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Report
Genomic and bioinformatic profiling of mutational neoepitopes
reveals new rules to predict anticancer immunogenicity
Fei Duan1*, Jorge Duitama2*, Sahar Al Seesi2*, Cory M. Ayres3, Steven A. Corcelli3, Arpita P. Pawashe1, Tatiana Blanchard1,
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4
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David McMahon , John Sidney , Alessandro Sette , Brian M. Baker , Ion I. Mandoiu , and Pramod K. Srivastava
1Department
of Immunology and Carole and Ray Neag
Comprehensive Cancer Center, University of Connecticut
School of Medicine
2Department
of Computer Science and Engineering, University
of Connecticut
3Department of Chemistry and Biochemistry and Harper
Abstract
Cancer Research Institute, University of Notre Dame
4LaJolla Institute of Allergy and Immunology
* Authors contributed equally to this work
Bioinformatics pipeline and summary statistics
The mutational repertoire of cancers creates the neoepitopes that make
cancers immunogenic. Here, we introduce two novel tools that identify,
with relatively high accuracy, the small proportion of neoepitopes
(among the hundreds of potential neoepitopes) that protect the host
through an antitumor T cell response. The two tools consist of (a) the
numerical difference in NetMHC scores between the mutated
sequences and their unmutated counterparts, termed the differential
agretopic index (DAI), and (b) the conformational stability of the MHC I–
peptide interaction. Mechanistically, these tools identify neoepitopes
that are mutated to create new anchor residues for MHC binding, and
render the overall peptide more rigid. Surprisingly, the protective
neoepitopes identified here elicit CD8-dependent immunity, even
though their affinity for Kd is orders of magnitude lower than the 500nM threshold considered reasonable for such interactions.
Ld
Landscape of protective tumor immunity elicited by tumor specific epitopes
(A-B) Tumor-protective activity of the mutated epitopes with top NetMHC (A) or top DAI (B) scores for CMS5 and Meth A. Area under the curve (AUC) for each individual tumor growth curve
was calculated and normalized by setting the naive group to a value of 100, shown by a horizontal red line (C) Examples of tumor growth curves in untreated mice (naive) and mice immunized
with indicated mutant peptides from CMS5 or their WT counterparts. Stau1.2 is a representative neoepitope that does not elicit protective immunity, whereas Atxn10.1 and Alkbh6.2 are
representative neoepitopes that do. Each line shows the kinetics of tumor growth in a single mouse. The experiments were performed three times.
Structural stability as a correlate with immunogenicity
(A) Mutations within neoepitopes lead to structural alterations across the peptide backbone, as illustrated with structural snapshots from the simulations of the mutant and WT Tnpo3.1 epitope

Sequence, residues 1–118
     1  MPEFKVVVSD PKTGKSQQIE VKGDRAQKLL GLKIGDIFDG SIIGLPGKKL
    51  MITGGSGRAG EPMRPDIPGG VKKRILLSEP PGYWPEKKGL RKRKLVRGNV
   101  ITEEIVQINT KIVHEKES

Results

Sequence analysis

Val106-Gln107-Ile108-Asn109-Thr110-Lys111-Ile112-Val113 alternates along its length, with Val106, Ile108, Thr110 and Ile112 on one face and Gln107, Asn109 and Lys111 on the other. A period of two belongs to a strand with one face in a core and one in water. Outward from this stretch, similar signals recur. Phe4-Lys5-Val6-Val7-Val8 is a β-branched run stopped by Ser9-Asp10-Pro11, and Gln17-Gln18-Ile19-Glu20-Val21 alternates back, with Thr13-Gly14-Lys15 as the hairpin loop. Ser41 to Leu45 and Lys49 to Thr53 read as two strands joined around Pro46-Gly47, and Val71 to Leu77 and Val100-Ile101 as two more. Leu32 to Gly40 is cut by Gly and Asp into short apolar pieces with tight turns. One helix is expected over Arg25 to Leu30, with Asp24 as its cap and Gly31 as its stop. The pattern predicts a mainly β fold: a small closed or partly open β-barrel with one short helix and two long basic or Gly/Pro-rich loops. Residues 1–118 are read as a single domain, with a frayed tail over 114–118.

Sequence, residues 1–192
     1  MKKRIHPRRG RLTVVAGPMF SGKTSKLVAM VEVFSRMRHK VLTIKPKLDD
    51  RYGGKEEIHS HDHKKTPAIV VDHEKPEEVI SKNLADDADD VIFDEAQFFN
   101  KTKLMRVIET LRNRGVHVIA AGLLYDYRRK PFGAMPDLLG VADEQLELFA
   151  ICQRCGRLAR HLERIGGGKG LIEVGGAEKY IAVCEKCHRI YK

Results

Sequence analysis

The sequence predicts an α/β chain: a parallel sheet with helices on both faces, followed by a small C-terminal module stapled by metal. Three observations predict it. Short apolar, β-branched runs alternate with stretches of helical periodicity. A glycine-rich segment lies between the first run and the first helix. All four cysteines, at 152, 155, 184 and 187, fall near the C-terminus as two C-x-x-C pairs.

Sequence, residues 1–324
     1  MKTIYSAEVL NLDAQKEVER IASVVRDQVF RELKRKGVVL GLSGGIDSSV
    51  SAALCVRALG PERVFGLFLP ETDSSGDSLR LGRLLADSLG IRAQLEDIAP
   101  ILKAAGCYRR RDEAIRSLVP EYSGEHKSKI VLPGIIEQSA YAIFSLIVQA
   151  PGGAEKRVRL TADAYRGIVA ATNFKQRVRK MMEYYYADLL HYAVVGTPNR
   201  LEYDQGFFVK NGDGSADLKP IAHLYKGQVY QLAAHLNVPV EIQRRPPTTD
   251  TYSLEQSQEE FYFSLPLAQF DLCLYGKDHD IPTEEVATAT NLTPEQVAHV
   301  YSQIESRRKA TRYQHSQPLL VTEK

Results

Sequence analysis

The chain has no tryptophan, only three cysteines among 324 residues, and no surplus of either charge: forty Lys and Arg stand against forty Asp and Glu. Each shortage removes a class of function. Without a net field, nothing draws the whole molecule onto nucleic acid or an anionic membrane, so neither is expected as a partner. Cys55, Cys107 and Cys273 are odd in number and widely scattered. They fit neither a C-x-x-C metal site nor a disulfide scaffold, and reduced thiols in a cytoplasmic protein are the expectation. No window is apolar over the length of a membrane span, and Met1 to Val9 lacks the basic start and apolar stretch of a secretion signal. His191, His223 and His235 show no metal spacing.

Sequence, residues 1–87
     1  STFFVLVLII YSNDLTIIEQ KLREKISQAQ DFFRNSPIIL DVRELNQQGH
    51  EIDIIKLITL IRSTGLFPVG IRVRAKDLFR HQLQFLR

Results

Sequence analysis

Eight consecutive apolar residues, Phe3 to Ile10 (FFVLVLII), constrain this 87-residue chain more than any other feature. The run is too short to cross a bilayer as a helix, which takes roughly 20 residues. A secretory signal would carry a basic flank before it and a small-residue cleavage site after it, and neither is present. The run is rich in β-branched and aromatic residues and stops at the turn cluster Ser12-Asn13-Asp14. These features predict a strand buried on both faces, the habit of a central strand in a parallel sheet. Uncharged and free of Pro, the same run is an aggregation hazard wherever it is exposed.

bound to H-2Kd. (B) Summary of structural differences for highly DAI ranked nonamers. Differences were quantified by superimposing average peptide conformations from the molecular
dynamics simulations and computing RMSDs for all common atoms. Green and red bars indicate epitopes that led to either positive or negative immunological responses, respectively. The yellow
bar shows the results for control calculations for an immunogenic HBV core epitope. (C) The numbers in the legend give the mean RMSF for the all amino acids of each peptide; those at the right
give the value for only the C-terminal α carbon. Mutated amino acids are indicated by lower case in the x-axis. (D) Effects of mutations on the conformational stability of all nonamers, calculated
as the difference between the mean RMSF of the mutant and the WT peptide. (E) Fluctuations at the peptide C-terminal ends and immunogenicity. The dashed vertical line shows the mean value
for all mutant nonamers. The yellow bar shows the C-terminal stability of the HBV core epitope control.
Conclusions and ongoing work
We applied our method to multiple independent tumors. The pipeline, including the DAI
algorithm, was first derived empirically on the data from Meth A tumor cell line, and then
tested on the CMS5 cell line. Antitumor activity predicted from the DAI algorithm was
significantly stronger in CMS5 than in Meth A. This variation is most likely a reflection of the
immuno-suppressive mechanisms unique to the Meth A tumor and thus unrelated to the
merits of the DAI algorithm per se. The DAI algorithm has since been tested in yet another
mouse tumor, the B16 melanoma, and data on T cell responses in this line as well, are
consistent with significant superiority of DAI over NetMHC alone.
Future and Ongoing Work:
(1) Extending the analysis to MHC II-restricted epitopes of CD4 T cells
(2) Currently developing a human pipeline to predict epitopes from paired tumor/normal
exomes and tumor RNA-Seq
References
• F. Duan, J. Duitama, S. Al Seesi, C. Ayres, S. Corcelli, A. Pawashe,
T. Blanchard, D. McMahon, J. Sidney, A. Sette, B. Baker, I.I.
Mandoiu, and P.K. Srivastava, Genomic and bioinformatic
profiling of mutational neo-epitopes reveals new rules to
predict anti-cancer immunogenicity, Journal of Experimental
Medicine 211, pp. 2231-2248, 2014
• J. Duitama, P.K. Srivastava, and I.I. Mandoiu, Towards Accurate
Detection and Genotyping of Expressed Variants from Whole
Transcriptome Sequencing Data, BMC Genomics 13(Suppl
2):S6, 2012

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